theoretical question - can root's username be changed?

Matthew Miller mattdm at
Fri Dec 2 13:23:03 UTC 2005

On Thu, Dec 01, 2005 at 11:16:58PM -0500, Claude Jones wrote:
> must go on to get at root's privileges, by changing his username. What is
> the advantage of every Linux system having this same user, 'root'? I make
> it a point when securing a Windows server of always deleting the
> administrator account and creating a new account with membership in
> administrators for administration purposes. Why is that concept flawed, or
> feeble, as you put it? It pretty much goes downhill from there with
> Windows, but, I see nothing wrong with that particular feature.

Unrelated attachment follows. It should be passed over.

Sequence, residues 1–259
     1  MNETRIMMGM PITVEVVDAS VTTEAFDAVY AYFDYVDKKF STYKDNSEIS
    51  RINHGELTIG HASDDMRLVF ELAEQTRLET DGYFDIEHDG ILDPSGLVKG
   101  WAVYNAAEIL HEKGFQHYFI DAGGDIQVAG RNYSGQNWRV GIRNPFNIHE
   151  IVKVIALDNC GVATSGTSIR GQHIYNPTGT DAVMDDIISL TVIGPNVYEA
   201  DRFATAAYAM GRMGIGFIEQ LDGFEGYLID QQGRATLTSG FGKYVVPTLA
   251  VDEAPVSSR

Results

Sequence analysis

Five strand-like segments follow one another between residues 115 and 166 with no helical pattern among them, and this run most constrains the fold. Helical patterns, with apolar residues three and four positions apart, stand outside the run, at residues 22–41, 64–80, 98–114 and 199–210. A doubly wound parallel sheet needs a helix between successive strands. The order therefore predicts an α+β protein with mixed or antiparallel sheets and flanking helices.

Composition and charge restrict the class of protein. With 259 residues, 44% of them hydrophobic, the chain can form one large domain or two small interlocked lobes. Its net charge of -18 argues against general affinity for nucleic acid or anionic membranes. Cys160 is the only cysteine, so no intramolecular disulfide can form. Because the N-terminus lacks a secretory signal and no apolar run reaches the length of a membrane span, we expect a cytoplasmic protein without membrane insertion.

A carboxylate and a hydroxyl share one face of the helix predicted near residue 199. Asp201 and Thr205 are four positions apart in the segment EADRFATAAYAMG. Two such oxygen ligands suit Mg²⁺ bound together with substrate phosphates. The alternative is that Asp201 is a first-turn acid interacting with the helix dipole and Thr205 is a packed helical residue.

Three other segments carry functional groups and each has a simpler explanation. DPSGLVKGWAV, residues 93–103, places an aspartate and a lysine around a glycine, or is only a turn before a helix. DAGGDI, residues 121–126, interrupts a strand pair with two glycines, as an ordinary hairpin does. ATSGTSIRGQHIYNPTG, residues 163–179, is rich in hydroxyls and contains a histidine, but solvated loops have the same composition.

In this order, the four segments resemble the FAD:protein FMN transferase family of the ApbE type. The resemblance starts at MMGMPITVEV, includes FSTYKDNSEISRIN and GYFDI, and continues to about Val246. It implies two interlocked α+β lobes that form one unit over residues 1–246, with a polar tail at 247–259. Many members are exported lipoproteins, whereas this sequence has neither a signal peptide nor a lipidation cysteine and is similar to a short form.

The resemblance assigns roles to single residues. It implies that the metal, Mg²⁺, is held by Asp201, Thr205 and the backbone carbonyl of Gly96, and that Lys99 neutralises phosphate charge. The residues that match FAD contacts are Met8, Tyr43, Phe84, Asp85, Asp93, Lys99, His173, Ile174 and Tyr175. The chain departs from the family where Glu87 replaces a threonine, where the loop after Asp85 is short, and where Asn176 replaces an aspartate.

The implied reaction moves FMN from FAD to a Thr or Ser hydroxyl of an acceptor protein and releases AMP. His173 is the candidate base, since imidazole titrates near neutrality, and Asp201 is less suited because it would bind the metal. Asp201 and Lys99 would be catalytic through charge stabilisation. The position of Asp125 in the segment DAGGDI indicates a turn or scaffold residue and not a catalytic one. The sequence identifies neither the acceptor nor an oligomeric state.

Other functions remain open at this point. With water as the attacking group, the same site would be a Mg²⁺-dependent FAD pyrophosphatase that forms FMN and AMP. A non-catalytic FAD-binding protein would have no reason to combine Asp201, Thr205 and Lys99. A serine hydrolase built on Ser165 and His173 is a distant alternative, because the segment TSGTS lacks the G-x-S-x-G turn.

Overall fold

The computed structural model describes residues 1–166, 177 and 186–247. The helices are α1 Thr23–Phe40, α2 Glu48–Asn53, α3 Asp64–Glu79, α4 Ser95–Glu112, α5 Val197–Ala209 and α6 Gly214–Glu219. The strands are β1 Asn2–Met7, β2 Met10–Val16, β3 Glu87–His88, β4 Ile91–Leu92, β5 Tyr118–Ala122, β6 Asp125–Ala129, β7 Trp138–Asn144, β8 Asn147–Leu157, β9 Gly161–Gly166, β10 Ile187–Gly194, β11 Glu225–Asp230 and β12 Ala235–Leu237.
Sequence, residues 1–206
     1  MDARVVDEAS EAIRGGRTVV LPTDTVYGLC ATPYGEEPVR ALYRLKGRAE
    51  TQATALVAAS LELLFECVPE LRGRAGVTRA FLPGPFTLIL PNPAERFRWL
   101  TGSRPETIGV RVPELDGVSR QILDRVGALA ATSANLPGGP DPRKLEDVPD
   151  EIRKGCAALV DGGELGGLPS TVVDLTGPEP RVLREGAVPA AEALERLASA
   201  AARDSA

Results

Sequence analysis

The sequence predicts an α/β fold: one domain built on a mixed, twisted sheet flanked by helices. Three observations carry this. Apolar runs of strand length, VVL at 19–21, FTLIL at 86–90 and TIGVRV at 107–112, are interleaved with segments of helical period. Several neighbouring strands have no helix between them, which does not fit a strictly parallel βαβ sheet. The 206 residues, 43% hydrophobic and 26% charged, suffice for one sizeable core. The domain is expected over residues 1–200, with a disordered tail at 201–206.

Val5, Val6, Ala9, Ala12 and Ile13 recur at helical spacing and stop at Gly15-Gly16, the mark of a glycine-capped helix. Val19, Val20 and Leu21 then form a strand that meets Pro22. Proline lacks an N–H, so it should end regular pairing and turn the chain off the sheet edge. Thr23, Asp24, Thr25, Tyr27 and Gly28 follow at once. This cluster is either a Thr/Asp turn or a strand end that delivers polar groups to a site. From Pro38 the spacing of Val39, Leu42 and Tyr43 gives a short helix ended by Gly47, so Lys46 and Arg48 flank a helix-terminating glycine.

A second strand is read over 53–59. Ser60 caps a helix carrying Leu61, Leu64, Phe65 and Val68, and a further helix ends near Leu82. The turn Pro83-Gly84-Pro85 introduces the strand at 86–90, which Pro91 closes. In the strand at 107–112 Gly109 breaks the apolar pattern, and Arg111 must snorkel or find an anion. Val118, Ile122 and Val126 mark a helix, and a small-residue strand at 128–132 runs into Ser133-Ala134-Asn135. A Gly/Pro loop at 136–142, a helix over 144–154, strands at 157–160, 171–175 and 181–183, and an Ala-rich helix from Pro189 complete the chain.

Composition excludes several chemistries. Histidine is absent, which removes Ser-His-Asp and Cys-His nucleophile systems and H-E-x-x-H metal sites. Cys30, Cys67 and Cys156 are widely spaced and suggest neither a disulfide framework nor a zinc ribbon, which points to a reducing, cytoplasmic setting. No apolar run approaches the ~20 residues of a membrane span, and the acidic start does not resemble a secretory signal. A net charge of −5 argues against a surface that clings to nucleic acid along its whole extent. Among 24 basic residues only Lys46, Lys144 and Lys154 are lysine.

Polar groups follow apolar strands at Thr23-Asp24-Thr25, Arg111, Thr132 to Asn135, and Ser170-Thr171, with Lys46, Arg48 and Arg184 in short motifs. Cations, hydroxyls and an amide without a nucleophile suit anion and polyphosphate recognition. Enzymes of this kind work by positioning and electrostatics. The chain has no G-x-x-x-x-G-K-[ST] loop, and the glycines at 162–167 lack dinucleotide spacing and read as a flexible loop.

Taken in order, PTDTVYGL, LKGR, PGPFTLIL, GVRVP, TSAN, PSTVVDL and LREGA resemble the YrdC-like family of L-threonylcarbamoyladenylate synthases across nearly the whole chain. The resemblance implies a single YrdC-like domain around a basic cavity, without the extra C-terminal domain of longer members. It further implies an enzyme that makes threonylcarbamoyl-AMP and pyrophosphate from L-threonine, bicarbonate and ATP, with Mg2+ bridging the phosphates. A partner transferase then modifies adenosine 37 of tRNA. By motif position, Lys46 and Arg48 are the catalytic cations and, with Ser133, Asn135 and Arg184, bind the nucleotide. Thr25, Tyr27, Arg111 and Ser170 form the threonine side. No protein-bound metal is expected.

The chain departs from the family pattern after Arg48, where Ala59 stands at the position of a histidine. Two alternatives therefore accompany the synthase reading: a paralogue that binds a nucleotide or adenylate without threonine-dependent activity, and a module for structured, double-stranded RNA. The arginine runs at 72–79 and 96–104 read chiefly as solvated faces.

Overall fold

For this reason, I prefer to make it so the root account doesn't allow ssh
logins, or even restrict logins to a given set of users -- edit
/etc/ssh/sshd_config (see old threads here for details).

Beyond that, the name you pick doesn't really matter, since the power is in
uid/gid 0, not in the name. And, someone trying to break in other than
through password-guessing (which they won't even be able to try if you block
external root logins) won't care what the name is; they'll aim for uid 0.
(In fact, a common system-hacker thing to do is create a second account with
uid 0.

Matthew Miller           mattdm at          <>
Boston University Linux      ------>              <>

More information about the fedora-list mailing list